Kurt Cobain Guitar Method

author: humalogmix date: 04/10/2009 category: guitar techniques

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Nirvana was well-known for using heavy distortion and feedback in their songs and implemented a soft verse, hard chorus dynamic to add to their songs, something that Kurt Cobain acknowledges the Pixies for. Songs such as Smells Like Teen Spirit and Lithium are prime examples of this. The lyrics he used were often cathartic and filled with angst, and seemingly contradictory at times. There is also more depth musically to Kurt's songs than many people realize.

Rhythm



One thing that Kurt used a lot of in his music were rhythms establish by triplet figures.

From the intro of Floyd the Barber:

        |-3-|          |-3-|
Q Q E E E Q Q E E E
e|-------------|--------------|
B|-------------|--------------|
G|-------------|--------------|
D|--3-3--2-2-2-|--3-3--2-2-2--|
A|--3-3--2-2-2-|--3-3--2-2-2--|
E|--1-1--0-0-0-|--1-1--0-0-0--|

As you can see here he establishes rhythm by using two quarter notes and then a eighth note triplet.

And from About a Girl:

             |-3-|
Q Q H E E E
e|--0-0-3----3-3-3----|
B|--0-0-0----0-0-3----|
G|--0-0-0----0-0-0----|
D|--2-2-0----0-0-0----|
A|--2-2-2----2-2-2----|
E|--0-0-3----3-3-3----|

Once again he uses two quarter notes then a half note before an eight note triplet.

One more example, Pennyroyal Tea:

            |--3--|         |--3--|
H Q Q. E E E Q Q. E E E E
e:0------0-----0----|-------0-----0-------|
B:1------1-----1----|-------1-----1-------|
G:2------2-----2----|-------2-----2-------|
D:2---------2-----2-|----2-----2-----2----|
A:0----0------------|-0-------------------|
E:------------------|---------------------|

(I stole this tab from the archive so thank you Unregistered User, whoever you may be.) Again you can see the triplet figure following a quarter note and then a dotted quarter note.

Riffs



Many of Nirvana's riffs are not too complicated, just picking through chords. A great example of this is Heart-Shaped Box.

Heart-Shaped Box: (*Note Drop D)

    A5      F5        D5              A5      F5    
E E E E E E E E E E E E E E E E E E E E E E E E E E E E E E Q
e|-------------------|--------------------|-------------------|-------------|
B|-------------------|--------------------|-------------------|-------------|
G|------2------------|--------------------|-2-----------------|-------------|
D|----2---2-----3----|------0---0-------2-|---2-----3------2/4|-4-4-4-------|
A|--0---------3---3--|---0----0---0---0---|-------3-----------|-------3-3-3-|
D|----------3--------|-0------------------|-----3-----3--0----|-------------|

Another example (a very basic one) is Something in the Way: (Some people play this in Drop D, but I don't so just go along with it because the point is being made regardless.)

   G#5                 E5             G#5              E5
Q. Q E E E Q. Q E E E Q. Q E E E Q. Q E E E
e|-----------------|-----------------|-----------------|------------------|
B|-----------------|-----------------|-----------------|------------------|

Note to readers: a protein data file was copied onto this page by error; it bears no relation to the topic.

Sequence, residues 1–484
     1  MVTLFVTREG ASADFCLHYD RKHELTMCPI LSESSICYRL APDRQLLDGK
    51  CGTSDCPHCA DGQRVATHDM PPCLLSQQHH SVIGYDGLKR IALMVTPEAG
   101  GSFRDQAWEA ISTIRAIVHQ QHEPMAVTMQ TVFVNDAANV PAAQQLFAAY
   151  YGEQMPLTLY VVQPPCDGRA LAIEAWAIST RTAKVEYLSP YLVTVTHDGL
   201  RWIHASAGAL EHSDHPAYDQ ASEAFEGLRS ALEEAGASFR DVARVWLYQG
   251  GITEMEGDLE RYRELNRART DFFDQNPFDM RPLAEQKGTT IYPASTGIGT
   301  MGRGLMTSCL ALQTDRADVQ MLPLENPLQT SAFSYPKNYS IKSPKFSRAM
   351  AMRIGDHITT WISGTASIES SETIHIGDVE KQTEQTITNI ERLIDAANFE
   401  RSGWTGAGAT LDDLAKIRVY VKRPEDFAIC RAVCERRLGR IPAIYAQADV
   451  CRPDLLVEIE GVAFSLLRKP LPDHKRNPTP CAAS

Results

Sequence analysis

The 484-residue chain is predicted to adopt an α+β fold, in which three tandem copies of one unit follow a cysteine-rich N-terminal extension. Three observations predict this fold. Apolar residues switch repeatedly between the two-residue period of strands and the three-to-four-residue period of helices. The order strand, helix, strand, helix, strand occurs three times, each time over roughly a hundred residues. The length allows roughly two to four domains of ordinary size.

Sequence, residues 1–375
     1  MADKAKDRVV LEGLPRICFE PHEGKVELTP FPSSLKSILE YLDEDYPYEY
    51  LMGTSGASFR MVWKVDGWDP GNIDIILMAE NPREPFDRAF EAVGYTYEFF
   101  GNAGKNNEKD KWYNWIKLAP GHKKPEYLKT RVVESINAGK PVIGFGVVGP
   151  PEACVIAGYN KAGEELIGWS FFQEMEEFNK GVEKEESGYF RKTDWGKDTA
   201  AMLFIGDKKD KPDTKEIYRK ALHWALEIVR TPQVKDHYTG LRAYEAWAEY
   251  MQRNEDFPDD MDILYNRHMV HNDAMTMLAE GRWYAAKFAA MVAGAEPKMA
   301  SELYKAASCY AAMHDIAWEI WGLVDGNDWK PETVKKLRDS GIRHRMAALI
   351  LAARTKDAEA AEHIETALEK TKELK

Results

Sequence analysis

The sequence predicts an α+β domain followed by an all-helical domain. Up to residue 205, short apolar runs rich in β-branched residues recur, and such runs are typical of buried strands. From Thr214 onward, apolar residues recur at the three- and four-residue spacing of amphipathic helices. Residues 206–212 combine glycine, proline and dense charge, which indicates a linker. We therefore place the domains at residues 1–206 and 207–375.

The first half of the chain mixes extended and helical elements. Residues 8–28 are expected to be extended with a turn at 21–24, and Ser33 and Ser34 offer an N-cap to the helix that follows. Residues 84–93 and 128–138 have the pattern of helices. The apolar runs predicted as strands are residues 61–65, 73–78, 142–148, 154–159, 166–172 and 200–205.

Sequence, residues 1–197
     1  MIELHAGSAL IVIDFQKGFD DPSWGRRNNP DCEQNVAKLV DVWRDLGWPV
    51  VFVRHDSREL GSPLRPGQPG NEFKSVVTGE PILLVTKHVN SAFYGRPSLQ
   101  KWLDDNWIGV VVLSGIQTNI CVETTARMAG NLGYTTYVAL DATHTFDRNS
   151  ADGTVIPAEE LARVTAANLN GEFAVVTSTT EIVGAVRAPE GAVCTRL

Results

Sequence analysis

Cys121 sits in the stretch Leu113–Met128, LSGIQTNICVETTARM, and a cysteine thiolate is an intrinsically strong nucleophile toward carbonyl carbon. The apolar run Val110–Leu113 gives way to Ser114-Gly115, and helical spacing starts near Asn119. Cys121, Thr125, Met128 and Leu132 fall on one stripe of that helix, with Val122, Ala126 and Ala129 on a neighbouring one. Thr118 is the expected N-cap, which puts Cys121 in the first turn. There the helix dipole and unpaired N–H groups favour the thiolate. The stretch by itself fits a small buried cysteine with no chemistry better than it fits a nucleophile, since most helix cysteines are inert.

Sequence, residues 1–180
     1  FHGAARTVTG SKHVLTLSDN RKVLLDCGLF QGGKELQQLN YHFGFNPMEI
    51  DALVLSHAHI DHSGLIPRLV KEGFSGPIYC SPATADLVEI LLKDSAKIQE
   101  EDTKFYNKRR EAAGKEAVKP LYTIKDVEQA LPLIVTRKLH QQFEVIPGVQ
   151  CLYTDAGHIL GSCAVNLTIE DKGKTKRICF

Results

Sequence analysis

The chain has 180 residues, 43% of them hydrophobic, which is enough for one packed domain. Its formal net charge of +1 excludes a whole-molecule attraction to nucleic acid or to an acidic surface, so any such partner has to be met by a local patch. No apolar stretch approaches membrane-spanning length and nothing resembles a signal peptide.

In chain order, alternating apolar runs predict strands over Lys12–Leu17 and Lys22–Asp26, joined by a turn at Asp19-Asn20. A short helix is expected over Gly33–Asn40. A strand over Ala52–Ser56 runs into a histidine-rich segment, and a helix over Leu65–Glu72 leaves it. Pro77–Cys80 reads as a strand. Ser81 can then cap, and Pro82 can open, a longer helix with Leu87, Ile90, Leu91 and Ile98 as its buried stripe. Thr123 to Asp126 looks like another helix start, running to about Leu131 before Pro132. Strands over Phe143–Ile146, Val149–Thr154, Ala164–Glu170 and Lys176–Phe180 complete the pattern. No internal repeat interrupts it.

G|-----------------|-----------------|-----------------|------------------|
D|-----------------|-----------------|-----------------|------------------|
A|-----6-----6-----|-----2-----2-----|-----6-----6-----|-----2-----2------|
E|--4-----4-----4--|--0-----0-----0--|--4-----4-----4--|--0-----0-----0---|

Kurt also had a unique, avant-garde method to some of the things he played, like the intro to Milk It.

Milk It:

e|-13--------------12----------6--x-x-x-|-8-----6--------------------------|
B|----12-13----11-----------6-----------|-----5----------8--7--6--5--4-----|
G|-----------10-------------------------|---6--------7------------------5/-|
D|--------------------10----------------|----------8-----------------------|
A|--------------------------------------|----------------------------------|
E|-----------------------6--------------|----------------------------------|

Soloing



Kurt's style of playing uses a lot of feedback for some solos (You Know You're Right, for example has a to of feedback) while others are a little bit more of what one would think your typical guitar solo should sound like (Smells Like Teen Spirit). Often times he'd play what seems to be the the vocal part to add a different dynamic to his songs. In the more musical solos he utilized minor pentatonic scales.

Smells Like Teen Spirit: Key of Fm

e|---------------|---------------|-----------------|-------------|
B|---------------|---------------|-----------------|-------------|
G|-----8--10-----|--8--8b--6--5--|--6--5-----------|-------------|
D|-10---------6--|---------------|--------8--6--8--|--8b--6--5---|
A|---------------|---------------|-----------------|-------------|
E|---------------|---------------|-----------------|-------------|

e|---------------|---------------|-----------------|-------------|
B|---------------|---------------|-----------------|-------------|
G|-----8--10-----|--8--8b--6--5--|--6--5-----------|-------------|
D|-10---------6--|---------------|--------8--6--8--|--8b--6--5---|
A|---------------|---------------|-----------------|-------------|
E|---------------|---------------|-----------------|-------------|

e|-------------|-----------------|--------------|----------------|
B|-------------|-----------------|--------------|----------------|
G|-------------|-----------------|--------------|----------------|
D|-6--5--6--5--|--6--5--6--5-----|--6--5--6--5--|--6--5--6--5----|
A|-------------|--------------8--|--------------|-------------8--|
E|-------------|-----------------|--------------|----------------|
Kurt Cobain has a legacy that will live on for as long as music lives. RIP Kurt. Please rate this highly and comment so I know where and how to improve on any future articles. Thanks!
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